Finding a second home among friends

By Mary Rose Fissinger

My high school career in 400-600 words. A daunting task, which is mostly the reason I’ve waited until the morning the paper has to be finished to write it. I got here at 7:50, even though I don’t have class until 10:15, so I could force myself to get it done or else face the wrath of adviser Kathy Neumeyer one last time.

Despite the (now familiar) ridiculous situation of being back in Weiler a mere 8 hours after I left it the night before, I’m happy I came. It’s proving the perfect place to write the all-important Senior Column. It is undoubtedly the place on campus where I have spent the most time; calling it my “home” would be entirely accurate. I am often other places: classes, the track, the quad, the cafeteria, but I am just visiting them. I come home to Weiler. There’s no place I feel more comfortable than at a Weiler computer (preferably one of the coveted island ones) with a large cup of coffee by my side.

If Weiler is my home, then the Chronicle staff is my family. Once a month, I spend over 30 hours with them over the course of four days. They know how hard I can work, how long I can procrastinate, how good or bad my jokes can be (usually bad, if you ask them), how long I’m willing to argue with Daniel Rothberg, how stupid I’m willing to look in order to be comfortable during the long hours here (certain outfits come to mind), how many cups of coffee are enough (if the number exists, I haven’t hit it). The fact that as of tomorrow, my Chronicle career will officially be over kills me.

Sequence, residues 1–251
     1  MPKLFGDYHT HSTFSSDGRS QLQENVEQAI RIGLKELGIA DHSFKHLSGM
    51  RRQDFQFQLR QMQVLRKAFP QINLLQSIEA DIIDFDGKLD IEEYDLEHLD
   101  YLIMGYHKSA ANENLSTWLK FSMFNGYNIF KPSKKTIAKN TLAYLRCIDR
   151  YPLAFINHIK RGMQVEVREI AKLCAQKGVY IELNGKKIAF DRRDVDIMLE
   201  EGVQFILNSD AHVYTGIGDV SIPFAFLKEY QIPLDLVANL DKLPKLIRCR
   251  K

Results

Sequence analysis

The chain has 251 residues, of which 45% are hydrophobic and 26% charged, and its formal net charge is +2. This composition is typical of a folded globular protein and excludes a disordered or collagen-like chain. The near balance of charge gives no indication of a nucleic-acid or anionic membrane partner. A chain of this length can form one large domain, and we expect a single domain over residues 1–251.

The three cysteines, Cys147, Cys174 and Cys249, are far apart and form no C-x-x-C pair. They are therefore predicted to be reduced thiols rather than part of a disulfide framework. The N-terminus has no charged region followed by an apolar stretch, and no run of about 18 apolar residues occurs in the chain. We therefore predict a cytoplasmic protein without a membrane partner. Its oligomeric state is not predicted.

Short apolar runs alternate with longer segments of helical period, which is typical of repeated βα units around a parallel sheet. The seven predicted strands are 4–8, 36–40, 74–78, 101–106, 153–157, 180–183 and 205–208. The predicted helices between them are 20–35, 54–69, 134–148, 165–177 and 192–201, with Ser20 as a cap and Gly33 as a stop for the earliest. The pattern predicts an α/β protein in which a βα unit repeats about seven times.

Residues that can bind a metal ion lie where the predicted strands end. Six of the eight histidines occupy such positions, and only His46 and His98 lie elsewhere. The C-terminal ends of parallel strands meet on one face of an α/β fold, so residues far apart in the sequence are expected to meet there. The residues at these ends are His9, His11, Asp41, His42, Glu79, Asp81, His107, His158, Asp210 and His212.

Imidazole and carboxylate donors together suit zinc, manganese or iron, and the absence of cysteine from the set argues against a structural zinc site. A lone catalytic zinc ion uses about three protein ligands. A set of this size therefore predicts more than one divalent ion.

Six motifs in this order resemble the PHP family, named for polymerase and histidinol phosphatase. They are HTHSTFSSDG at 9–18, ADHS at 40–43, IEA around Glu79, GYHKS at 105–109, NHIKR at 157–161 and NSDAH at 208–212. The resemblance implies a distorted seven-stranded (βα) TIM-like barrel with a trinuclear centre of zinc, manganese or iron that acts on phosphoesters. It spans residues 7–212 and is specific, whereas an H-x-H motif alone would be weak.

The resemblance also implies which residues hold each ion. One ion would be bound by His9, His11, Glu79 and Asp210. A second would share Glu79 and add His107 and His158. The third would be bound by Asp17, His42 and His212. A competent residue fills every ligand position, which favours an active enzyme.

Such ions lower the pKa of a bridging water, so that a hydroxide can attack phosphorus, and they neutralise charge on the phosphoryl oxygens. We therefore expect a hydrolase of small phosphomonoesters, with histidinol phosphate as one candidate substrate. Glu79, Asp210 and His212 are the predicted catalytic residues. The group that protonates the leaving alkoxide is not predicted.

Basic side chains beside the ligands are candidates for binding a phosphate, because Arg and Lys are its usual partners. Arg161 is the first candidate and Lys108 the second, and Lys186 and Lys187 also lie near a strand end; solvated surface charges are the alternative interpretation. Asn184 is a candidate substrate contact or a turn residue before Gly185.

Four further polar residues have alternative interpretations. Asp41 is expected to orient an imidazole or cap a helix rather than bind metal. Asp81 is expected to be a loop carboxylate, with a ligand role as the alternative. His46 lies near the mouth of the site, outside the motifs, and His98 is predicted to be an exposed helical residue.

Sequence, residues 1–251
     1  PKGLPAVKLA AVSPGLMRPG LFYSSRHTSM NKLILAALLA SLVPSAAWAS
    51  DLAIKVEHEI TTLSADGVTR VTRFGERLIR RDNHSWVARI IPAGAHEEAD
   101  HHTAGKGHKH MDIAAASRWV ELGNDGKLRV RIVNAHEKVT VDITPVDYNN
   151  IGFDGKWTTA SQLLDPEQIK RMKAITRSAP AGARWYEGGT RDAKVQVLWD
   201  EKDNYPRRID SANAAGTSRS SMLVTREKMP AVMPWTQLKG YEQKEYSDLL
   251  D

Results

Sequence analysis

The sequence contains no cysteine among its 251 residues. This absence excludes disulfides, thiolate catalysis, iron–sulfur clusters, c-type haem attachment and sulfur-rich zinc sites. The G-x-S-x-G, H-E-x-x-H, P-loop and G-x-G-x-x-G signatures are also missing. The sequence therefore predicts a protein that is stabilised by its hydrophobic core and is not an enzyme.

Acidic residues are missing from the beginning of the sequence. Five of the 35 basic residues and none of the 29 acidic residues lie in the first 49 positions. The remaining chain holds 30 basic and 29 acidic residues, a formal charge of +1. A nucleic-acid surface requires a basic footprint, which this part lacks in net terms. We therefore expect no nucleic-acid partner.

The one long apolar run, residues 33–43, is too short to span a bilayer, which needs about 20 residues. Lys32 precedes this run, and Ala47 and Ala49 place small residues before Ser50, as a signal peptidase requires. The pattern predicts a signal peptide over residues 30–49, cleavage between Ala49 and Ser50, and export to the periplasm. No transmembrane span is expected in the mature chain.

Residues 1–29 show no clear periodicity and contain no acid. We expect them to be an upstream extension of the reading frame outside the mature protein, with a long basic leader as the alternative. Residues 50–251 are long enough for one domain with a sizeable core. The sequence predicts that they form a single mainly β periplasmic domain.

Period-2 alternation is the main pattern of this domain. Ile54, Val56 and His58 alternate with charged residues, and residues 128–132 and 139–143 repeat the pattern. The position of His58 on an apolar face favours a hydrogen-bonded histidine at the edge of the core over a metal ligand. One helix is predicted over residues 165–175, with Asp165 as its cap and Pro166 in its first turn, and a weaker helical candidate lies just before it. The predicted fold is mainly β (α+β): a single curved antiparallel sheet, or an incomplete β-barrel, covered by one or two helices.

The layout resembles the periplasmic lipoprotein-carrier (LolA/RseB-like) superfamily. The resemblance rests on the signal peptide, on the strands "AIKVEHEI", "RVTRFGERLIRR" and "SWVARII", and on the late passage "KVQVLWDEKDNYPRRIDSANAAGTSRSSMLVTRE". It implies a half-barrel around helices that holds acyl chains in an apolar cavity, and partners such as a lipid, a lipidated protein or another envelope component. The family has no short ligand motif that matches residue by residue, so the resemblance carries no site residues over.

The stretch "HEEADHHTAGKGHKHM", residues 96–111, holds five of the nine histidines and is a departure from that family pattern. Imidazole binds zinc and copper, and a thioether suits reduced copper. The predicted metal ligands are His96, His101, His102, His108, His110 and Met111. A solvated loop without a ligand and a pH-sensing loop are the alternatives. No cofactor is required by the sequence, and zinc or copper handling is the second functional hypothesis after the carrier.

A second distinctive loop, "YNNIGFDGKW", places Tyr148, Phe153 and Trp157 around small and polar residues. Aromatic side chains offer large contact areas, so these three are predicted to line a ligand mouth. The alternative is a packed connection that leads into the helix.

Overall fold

However, Chronicle is not the only family I’ve become a part of these four years. It would be a horrendous injustice to my high school career to fail to mention my cross country team, my first family here. We’re infamous for our closeness, and frequently referred to as a cult. It’s not really surprising, though. Note to readers: struggling through 12 mile practices together in August heat is a sure-fire way to produce true friendships. Try it sometime.

And then there’s my math class. We all, for some reason that most people (ourselves included sometimes) will never comprehend, actually wanted to take the legendarily difficult Precalculus Honors 10 class. We are few enough in number that we’ve been together all three years at the Upper School—through Precalc, Calc BC 11 and now the lovely reward that is Advanced Seminar in Mathematics Honors. Another great way to make friends: take Suzanne Lee’s Calculus class with them. See numbers on the top of your quizzes that you always thought of more as your dad’s age rather than a grade you could receive on a math quiz.

I don’t mean to highlight the difficult times. True, cross country practices and double period Calc tests weren’t always fun, exactly, but I wouldn’t give them up for anything. They and the people I shared them with have defined my time in high school and me by extension. When I leave for college in the fall, I will be leaving multiple homes and several families. But I give them those labels for a reason: they will always be there for me when I return, symbols of where I’ve been and what I can do.